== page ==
Article Text

Reduced efficacy of ivermectin against Ostertagia in a Dutch cattle herd


A pilot study on reduced ivermectin efficacy against Ostertagia ostertagi following the detection of a high number of strongyle-type eggs in a 1.5-year-old bull during the first part of the pasturing period in 2015 was conducted. This finding was remarkable because of the pasturing history, treatment history and time after turnout (June). The study involved one beef cattle herd and followed as far as possible the World Association for the Advancement of Veterinary Parasitology guidelines regarding the faecal egg count reduction test. We observed poor ivermectin efficacy (65%) compared with the expected efficacy of >95%. This also has consequences for practitioners, who should ensure the correct application of anthelmintics and perform repeated faecal examinations following the use of parasitical agents for persistent problems. Our finding also should have consequences for the pharmaceutical industry: the administration of registered anthelmintics via the most efficacious route is preferable.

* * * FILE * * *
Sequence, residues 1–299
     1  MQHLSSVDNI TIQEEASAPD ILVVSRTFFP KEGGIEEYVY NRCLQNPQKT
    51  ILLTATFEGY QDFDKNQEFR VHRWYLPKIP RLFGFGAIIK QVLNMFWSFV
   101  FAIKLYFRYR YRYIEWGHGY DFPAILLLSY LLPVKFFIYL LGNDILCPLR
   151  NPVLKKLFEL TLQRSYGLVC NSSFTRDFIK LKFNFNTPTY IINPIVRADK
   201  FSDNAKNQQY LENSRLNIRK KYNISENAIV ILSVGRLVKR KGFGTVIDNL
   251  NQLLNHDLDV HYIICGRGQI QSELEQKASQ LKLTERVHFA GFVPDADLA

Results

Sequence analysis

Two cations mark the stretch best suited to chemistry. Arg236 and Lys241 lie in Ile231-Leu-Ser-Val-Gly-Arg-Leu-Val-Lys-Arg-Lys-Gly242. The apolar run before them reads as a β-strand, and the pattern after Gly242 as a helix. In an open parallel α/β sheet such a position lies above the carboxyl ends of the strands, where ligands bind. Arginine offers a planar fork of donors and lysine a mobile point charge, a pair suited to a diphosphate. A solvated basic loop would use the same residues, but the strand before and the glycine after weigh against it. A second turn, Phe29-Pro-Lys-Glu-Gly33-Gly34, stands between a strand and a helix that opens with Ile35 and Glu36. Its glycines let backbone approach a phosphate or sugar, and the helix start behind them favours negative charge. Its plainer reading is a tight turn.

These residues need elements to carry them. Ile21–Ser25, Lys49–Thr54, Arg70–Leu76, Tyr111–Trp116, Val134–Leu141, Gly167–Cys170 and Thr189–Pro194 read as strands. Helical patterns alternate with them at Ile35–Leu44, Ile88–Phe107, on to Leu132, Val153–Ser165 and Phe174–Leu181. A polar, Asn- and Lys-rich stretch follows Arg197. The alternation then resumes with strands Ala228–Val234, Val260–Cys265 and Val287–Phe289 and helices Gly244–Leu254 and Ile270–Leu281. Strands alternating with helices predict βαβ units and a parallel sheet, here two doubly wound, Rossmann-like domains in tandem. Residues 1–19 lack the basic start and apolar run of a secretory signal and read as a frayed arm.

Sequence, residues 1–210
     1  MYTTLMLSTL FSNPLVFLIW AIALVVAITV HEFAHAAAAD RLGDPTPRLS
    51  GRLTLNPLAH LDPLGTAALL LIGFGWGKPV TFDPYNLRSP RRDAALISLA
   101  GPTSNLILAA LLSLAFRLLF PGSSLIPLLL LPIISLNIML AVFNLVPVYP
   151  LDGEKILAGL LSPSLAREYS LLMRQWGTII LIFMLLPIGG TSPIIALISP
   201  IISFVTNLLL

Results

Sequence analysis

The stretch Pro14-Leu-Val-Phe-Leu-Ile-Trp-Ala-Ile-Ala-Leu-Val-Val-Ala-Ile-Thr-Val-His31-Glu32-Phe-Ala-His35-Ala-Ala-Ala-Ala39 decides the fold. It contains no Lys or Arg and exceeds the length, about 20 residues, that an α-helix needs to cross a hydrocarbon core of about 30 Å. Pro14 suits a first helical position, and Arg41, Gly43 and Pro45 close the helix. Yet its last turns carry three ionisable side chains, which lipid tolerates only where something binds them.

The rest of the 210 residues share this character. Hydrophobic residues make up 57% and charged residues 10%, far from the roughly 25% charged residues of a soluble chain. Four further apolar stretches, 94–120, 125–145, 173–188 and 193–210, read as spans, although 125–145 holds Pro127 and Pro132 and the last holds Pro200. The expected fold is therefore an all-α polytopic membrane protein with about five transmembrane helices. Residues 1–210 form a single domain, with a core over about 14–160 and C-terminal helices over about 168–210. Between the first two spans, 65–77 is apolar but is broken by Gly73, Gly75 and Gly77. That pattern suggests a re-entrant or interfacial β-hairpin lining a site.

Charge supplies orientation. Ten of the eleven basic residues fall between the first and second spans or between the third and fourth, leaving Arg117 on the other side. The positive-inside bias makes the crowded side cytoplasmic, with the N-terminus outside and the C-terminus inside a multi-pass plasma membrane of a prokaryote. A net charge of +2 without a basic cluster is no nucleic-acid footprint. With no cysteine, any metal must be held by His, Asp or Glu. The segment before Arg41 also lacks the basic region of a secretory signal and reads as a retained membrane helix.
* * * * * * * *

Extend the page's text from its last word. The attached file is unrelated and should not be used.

• Anthelmintics
  • Cattle
  • Clinical practice
  • Diagnostics
  • Drug administration
  • Endoparasites

Statistics from

Request Permissions

If you wish to reuse any or all of this article please use the link below which will take you to the Copyright Clearance Center’s RightsLink service. You will be able to get a quick price and instant permission to reuse the content in many different ways.